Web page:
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Please answer the following 3 questions. Each answer must be at least 4 paragraphs. Research at least 4 sources to substantiate your answer and include in your references. I will attached the book. APA format. 1. Describe the link between quality and safety in the healthcare setting.2. Discuss the role of the nurse in quality improvement.3. Describe nursing-sensitive measurements and why they are important in Nursing care delivery.

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The Pedagogy Role Development in
Professional Nursing Practice, Fourth Edition
drives comprehension through various
strategies that meet the learning needs of
students, while also generating enthusiasm
about the topic. This interactive approach
addresses different learning styles, making
this the ideal text to ensure mastery of key
concepts. The pedagogical aids that appear in
most chapters include the following:
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Professional Nursing Practice, Fourth Edition is an independent publication and has not been
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Library of Congress Cataloging-in-Publication Data Role development in professional nursing
practice / [edited by] Kathleen Masters. – Fourth edition.
p. ; cm.
Includes bibliographical references and index.
ISBN 978-1-284-07832-9 (pbk.) I. Masters, Kathleen, editor.
[DNLM: 1. Nursing–standards. 2. Nursing–trends. 3. Nurse’s Role. 4. Philosophy, Nursing. 5.
Professional Practice. WY 16]
Printed in the United States of America 19 18 17 16 15 10 9 8 7 6 5 4 3 2 1
This book is dedicated to my Heavenly Father
and to my loving family: my husband, Eddie,
and my two daughters, Rebecca and Rachel.
Words cannot express my appreciation for their
ongoing encouragement and support throughout
my career.
A History of Health Care and Nursing
Karen Saucier Lundy and Kathleen Masters
Classical Era
Middle Ages
The Renaissance
The Dark Period of Nursing
The Industrial Revolution
And Then There Was Nightingale…
Continued Development of Professional Nursing in the United Kingdom
The Development of Professional Nursing in Canada
The Development of Professional Nursing in Australia
Early Nursing Education and Organization in the United States
The Evolution of Nursing in the United States: The First Century of Professional
The New Century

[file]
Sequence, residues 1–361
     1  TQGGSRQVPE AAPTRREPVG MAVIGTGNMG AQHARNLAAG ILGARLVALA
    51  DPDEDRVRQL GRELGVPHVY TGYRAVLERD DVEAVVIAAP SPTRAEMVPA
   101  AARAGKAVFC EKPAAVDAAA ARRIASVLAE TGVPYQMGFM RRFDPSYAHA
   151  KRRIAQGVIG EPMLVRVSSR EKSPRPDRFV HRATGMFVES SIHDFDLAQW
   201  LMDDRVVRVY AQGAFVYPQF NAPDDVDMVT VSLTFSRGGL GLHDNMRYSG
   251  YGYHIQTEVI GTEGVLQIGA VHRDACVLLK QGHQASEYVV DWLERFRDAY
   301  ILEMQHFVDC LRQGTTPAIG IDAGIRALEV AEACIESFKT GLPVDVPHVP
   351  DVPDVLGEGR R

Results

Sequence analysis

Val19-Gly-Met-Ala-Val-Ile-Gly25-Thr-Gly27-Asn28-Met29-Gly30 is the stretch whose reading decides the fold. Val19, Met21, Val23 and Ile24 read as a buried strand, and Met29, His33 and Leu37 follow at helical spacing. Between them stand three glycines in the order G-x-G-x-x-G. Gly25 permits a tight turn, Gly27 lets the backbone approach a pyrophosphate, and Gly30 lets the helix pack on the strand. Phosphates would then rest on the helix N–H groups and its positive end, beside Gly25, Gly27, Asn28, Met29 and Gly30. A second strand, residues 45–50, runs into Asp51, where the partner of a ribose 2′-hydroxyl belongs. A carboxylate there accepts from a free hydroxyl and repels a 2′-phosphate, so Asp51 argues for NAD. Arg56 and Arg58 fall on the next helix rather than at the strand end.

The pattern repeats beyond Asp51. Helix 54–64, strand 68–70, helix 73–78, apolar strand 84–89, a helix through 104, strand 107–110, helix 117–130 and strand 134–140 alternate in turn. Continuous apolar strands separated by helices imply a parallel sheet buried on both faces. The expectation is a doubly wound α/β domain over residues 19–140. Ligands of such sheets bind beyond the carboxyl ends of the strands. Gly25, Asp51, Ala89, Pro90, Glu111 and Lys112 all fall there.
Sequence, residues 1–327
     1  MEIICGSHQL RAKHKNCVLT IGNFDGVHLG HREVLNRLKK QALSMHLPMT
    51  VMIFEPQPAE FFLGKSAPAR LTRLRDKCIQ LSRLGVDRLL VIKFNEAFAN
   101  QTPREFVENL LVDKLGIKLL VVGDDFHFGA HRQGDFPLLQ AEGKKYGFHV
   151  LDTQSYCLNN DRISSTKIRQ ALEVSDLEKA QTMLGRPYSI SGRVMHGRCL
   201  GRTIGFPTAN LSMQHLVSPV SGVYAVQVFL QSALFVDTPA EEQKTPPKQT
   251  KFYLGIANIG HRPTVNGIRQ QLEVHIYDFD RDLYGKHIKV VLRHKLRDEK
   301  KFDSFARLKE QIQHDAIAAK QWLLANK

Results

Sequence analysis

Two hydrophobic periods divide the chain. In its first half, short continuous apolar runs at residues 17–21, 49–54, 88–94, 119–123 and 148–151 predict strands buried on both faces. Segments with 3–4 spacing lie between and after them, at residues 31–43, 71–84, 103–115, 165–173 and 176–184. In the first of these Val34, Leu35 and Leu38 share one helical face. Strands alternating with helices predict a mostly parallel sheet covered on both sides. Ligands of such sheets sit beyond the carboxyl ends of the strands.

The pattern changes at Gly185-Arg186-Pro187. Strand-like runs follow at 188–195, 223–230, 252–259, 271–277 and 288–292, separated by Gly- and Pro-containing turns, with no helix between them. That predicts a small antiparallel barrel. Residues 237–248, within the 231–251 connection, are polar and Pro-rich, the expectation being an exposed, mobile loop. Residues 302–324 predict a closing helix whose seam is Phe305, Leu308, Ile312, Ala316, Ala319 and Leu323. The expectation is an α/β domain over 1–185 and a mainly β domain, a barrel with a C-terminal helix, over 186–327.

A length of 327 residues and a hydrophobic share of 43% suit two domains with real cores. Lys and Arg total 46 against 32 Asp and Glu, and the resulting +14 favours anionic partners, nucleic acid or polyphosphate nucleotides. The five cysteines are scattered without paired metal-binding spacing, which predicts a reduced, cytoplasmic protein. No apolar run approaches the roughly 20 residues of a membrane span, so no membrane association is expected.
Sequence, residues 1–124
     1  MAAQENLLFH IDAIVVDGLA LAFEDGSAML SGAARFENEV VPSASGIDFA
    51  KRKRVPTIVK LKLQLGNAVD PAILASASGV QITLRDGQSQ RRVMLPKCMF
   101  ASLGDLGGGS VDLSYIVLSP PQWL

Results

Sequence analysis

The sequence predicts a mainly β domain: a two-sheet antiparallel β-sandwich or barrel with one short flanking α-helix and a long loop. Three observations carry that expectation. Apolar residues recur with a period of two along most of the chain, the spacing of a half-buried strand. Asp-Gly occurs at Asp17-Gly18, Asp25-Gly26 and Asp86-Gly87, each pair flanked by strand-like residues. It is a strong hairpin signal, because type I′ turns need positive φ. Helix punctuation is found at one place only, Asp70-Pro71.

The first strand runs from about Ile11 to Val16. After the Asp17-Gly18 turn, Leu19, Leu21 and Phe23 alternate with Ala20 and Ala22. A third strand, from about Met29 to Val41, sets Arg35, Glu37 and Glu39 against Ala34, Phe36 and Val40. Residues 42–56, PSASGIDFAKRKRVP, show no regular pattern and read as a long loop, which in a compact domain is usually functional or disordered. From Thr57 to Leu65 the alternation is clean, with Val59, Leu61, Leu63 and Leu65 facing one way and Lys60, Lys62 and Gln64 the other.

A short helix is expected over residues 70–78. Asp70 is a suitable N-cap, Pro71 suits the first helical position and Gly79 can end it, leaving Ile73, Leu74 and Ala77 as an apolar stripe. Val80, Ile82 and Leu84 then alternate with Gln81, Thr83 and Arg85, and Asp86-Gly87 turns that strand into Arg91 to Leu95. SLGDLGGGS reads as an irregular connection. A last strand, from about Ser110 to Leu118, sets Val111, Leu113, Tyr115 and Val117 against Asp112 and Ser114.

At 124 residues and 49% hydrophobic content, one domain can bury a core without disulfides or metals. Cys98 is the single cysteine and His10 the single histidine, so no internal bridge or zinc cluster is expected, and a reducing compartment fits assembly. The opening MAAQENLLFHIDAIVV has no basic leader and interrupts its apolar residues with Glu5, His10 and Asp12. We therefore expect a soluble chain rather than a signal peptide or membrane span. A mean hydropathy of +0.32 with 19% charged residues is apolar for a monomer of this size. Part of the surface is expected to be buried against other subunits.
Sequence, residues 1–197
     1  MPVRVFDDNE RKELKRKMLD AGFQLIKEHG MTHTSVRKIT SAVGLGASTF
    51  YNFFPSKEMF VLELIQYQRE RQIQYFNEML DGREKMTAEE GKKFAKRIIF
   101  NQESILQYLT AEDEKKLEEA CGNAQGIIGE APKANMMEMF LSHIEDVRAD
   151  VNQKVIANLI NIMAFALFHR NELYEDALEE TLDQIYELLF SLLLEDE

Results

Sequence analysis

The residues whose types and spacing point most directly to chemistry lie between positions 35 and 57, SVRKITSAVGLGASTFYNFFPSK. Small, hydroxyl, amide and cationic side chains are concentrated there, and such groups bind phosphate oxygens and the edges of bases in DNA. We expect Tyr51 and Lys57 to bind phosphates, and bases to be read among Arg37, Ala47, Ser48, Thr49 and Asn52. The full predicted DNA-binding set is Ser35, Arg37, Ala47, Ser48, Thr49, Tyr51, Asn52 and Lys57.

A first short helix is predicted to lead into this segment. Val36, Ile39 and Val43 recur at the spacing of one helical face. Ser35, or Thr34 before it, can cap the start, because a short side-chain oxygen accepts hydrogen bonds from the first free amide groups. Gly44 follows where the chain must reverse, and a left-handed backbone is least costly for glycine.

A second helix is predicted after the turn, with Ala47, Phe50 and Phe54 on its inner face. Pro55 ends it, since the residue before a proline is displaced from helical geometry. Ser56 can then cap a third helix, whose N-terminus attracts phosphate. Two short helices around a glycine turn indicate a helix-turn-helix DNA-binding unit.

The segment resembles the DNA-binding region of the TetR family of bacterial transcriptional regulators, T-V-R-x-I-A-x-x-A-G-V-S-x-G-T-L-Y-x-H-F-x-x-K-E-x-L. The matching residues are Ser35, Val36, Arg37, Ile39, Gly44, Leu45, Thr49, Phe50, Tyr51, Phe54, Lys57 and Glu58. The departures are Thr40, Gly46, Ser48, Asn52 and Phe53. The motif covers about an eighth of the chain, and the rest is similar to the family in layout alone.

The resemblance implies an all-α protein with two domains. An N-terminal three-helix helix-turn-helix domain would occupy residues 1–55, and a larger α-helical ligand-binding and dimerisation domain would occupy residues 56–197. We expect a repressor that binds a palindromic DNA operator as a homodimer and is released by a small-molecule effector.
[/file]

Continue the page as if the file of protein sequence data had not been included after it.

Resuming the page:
International Council of Nurses
Frameworks for Professional Nursing Practice
Kathleen Masters
Overview of Selected Nursing Theories
Nurse of the Future: Nursing Core Competencies
Overview of Selected Non-Nursing Theories
Relationship of Theory to Professional Nursing Practice
Philosophy of Nursing
Mary W. Stewart
Early Philosophy
Developing a Personal Philosophy of Nursing
Foundations of Ethical Nursing Practice
Janie B. Butts and Karen L. Rich
Ethical Theories and Approaches
Professional Ethics and Codes
Ethical Analysis and Decision Making in Nursing
Social Context of Professional Nursing
Mary W. Stewart, Katherine Elizabeth Nugent, Rowena W. Elliott, and
Kathleen Masters
Nursing’s Social Contract with Society
Public Image of Nursing
The Gender Gap
Changing Demographics and Cultural Competence
Access to Health Care
Societal Trends
Trends in Nursing
Education and Socialization to the Professional Nursing Role
Kathleen Masters and Melanie Gilmore
Professional Nursing Roles and Values
The Socialization (or Formation) Process
Facilitating the Transition to Professional Practice
Advancing and Managing Your Professional Nursing Career
Mary Louise Coyne and Cynthia Chatham
Nursing: A Job or a Career?
Trends That Impact Nursing Career Decisions
Showcasing Your Professional Self
Education and Lifelong Learning
Professional Engagement
Expectations for Your Performance
Taking Care of Self
Patient Safety and Professional Nursing Practice
Jill Rushing and Kathleen Masters
Patient Safety
Critical Thinking, Clinical Judgment, and Clinical Reasoning in Nursing Practice
Quality Improvement and Professional Nursing Practice
Kathleen Masters
Healthcare Quality
Measurement of Quality
The Role of the Nurse in Quality Improvement
Professional Nursing Practice
10 Evidence-Based
Kathleen Masters
Evidence-Based Practice: What Is It?
Barriers to Evidence-Based Practice
Promoting Evidence-Based Practice
Searching for Evidence
Evaluating the Evidence
Implementation Models for Evidence-Based Practice
Patient-Centered Care and Professional Nursing Practice
Kathleen Masters
Dimensions of Patient-Centered Care
Communication as a Strategy to Support Patient-Centered Care
Patient Education as a Strategy to Support Patient-Centered Care
Evaluation of Patient-Centered Care
in Professional Nursing Practice
12 Informatics
Kathleen Masters and Cathy K. Hughes
Informatics: What Is It?
The Impact of Legislation on Health Informatics
Nursing Informatics Competencies
Basic Computer Competencies
Information Literacy
Information Management
Current and Future Trends
and Collaboration in Professional Nursing Practice
13 Teamwork
Sharon Vincent and Kathleen Masters
Healthcare Delivery System
Nursing Models of Patient Care